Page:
# Lesson 4

Compare Numbers on a Number Line

## Warm-up: Number Talk: Subtract Fives (10 minutes)

### Narrative

The purpose of this Number Talk is for students to subtract with multiples of 5. As students share strategies based on place value or related to adding on or subtracting multiples of 5, record their thinking using a number line diagram. Students connect their mental strategies to the representation of moving a length of 5, 10, or 20 from one number to another on the number line. The understandings elicited here will be helpful in later lessons when students represent sums and differences on number lines.

### Launch

• Display one expression.
• “Give me a signal when you have an answer and can explain how you got it.”
• 1 minute: quiet think time

### Activity

• Record answers and strategy. Use a number line diagram when possible.
• Keep expressions and work displayed.
• Repeat with each expression.

### Student Facing

Find the value of each expression mentally.

• $$35 - 5$$

• $$35 - 10$$

• $$35 - 15$$

• $$35 - 25$$

### Student Response

For access, consult one of our IM Certified Partners.

### Activity Synthesis

• “How did the first 2 expressions help you think about the last 2?” (I know that $$5 - 5 =0$$ because all of the ones are being taken away. Then I just take the tens from the tens.)

## Activity 1: Compare the Numbers (20 minutes)

### Narrative

The purpose of this activity is for students to compare two numbers and justify their comparison based on the location of each number on the number line. Using the number lines students created in a previous lesson, students represent numbers by placing counters as points on the number line. Students recognize that given any two numbers, the number farther to the right represents a greater value than the number to the left (MP7).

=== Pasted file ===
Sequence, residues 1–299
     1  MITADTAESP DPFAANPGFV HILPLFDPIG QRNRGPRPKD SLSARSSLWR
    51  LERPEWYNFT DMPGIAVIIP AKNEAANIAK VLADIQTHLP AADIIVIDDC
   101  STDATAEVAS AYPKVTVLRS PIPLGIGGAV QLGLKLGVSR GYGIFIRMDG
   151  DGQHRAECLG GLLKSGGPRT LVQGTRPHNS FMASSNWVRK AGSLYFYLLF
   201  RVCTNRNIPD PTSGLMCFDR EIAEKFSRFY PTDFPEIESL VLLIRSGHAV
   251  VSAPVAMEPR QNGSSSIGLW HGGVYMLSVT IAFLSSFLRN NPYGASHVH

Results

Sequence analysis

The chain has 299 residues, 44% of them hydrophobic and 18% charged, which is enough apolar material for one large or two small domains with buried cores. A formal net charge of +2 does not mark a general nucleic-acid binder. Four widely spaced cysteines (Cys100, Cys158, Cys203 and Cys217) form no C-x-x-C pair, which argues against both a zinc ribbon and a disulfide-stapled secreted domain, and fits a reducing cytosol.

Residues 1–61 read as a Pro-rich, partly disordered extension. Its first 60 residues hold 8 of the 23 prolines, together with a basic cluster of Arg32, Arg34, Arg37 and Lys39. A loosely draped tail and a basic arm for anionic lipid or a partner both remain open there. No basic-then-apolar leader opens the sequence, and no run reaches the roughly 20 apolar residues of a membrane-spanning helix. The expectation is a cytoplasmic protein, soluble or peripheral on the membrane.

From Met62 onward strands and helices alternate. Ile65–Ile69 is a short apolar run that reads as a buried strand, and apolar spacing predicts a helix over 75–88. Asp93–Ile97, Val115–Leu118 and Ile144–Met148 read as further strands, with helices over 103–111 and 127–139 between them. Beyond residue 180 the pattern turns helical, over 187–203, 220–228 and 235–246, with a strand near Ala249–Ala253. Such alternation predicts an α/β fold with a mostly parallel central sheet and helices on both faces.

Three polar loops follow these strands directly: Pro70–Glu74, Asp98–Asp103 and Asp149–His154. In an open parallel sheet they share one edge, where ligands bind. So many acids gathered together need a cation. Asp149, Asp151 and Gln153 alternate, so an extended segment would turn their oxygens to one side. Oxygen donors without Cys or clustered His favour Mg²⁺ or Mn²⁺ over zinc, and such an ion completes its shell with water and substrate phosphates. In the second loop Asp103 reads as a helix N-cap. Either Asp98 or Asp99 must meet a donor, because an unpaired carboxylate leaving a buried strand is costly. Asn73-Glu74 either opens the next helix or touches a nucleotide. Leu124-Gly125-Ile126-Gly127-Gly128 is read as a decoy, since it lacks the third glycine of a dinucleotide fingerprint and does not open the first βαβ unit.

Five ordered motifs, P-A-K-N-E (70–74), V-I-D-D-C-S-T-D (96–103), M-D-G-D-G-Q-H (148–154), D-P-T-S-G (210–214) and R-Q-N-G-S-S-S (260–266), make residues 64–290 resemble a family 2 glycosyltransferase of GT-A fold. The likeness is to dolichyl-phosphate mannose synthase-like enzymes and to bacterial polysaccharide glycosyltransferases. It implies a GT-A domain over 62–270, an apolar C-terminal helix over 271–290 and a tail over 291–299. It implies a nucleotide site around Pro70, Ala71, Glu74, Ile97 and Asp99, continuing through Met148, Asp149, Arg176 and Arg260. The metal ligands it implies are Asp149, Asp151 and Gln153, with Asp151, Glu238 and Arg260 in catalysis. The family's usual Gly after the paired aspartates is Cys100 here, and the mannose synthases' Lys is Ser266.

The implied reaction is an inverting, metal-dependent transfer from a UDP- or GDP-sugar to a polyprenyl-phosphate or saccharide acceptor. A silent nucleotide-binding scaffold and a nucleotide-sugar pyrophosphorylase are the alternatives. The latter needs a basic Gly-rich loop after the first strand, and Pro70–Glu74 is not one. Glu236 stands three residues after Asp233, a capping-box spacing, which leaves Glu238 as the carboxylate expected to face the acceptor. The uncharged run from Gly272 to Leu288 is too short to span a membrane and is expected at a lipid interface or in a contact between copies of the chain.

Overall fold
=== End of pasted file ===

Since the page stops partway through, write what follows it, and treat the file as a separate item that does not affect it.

Engagement: Provide Access by Recruiting Interest. Give students a context to relate the number line to. For example, a frog jumping on lily pads, or a rabbit hopping. The counters can represent the animal hopping along the number line.
Supports accessibility for: Conceptual Processing, Attention

### Required Materials

Materials to Gather

### Required Preparation

• Each student will need their number line they made in Lesson 1.
• Each group of 2 needs 3 number cubes and 2 counters.

### Launch

• Groups of 2
• Give each group 3 number cubes and 2 counters.
• Assign Partner A and B.

### Activity

• “You will use the number line you created and work with a partner. Decide with your partner whose number line you will use.”
• As needed, demonstrate the task with a student.
• “I am Partner A. I am going to roll the 3 number cubes and find the sum.”
• “Then, I take a counter and place it on the number line to represent the sum.”
• “Now it’s my partner's turn. They do the same thing and put their counter on the same number line to represent the sum of their numbers.”
• “Then, we decide which number is greater and explain how we know.”
• “Last, we use the $$<$$ , $$>$$, or $$=$$ symbols to record our comparison.”
MLR8 Discussion Supports
• If needed, remind students to use comparison vocabulary (less than, greater than, equal to) to read the symbols and their comparisons.
• If needed, invite students to chorally repeat the phrases that each symbol represents.
• 10 minutes: partner work time
• Monitor for students who explain comparisons:
• based on lengths from 0
• using the language “to the left” and “to the right”

### Student Facing

• Partner A:
• Roll 3 number cubes and find the sum.
• Put a counter on the location of the sum.
• Partner B:
• Roll 3 number cubes and find the sum.